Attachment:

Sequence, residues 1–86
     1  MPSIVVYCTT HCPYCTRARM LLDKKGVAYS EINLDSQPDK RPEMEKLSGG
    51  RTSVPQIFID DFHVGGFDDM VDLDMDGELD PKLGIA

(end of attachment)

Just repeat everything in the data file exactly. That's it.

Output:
Sequence, residues 1–86
     1  MPSIVVYCTT HCPYCTRARM LLDKKGVAYS EINLDSQPDK RPEMEKLSGG
    51  RTSVPQIFID DFHVGGFDDM VDLDMDGELD PKLGIA